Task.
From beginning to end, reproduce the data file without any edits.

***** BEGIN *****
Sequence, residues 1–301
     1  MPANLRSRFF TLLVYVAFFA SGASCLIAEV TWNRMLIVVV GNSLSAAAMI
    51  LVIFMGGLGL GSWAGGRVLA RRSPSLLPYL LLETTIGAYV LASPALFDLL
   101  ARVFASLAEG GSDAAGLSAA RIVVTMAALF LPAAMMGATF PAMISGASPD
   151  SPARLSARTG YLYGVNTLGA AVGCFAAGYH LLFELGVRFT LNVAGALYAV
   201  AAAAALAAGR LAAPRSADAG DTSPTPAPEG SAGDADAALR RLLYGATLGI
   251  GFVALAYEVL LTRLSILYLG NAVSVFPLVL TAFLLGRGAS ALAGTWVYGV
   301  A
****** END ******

Sequence, residues 1–301
     1  MPANLRSRFF TLLVYVAFFA SGASCLIAEV TWNRMLIVVV GNSLSAAAMI
    51  LVIFMGGLGL GSWAGGRVLA RRSPSLLPYL LLETTIGAYV LASPALFDLL
   101  ARVFASLAEG GSDAAGLSAA RIVVTMAALF LPAAMMGATF PAMISGASPD
   151  SPARLSARTG YLYGVNTLGA AVGCFAAGYH LLFELGVRFT LNVAGALYAV
   201  AAAAALAAGR LAAPRSADAG DTSPTPAPEG SAGDADAALR RLLYGATLGI
   251  GFVALAYEVL LTRLSILYLG NAVSVFPLVL TAFLLGRGAS ALAGTWVYGV
   301  A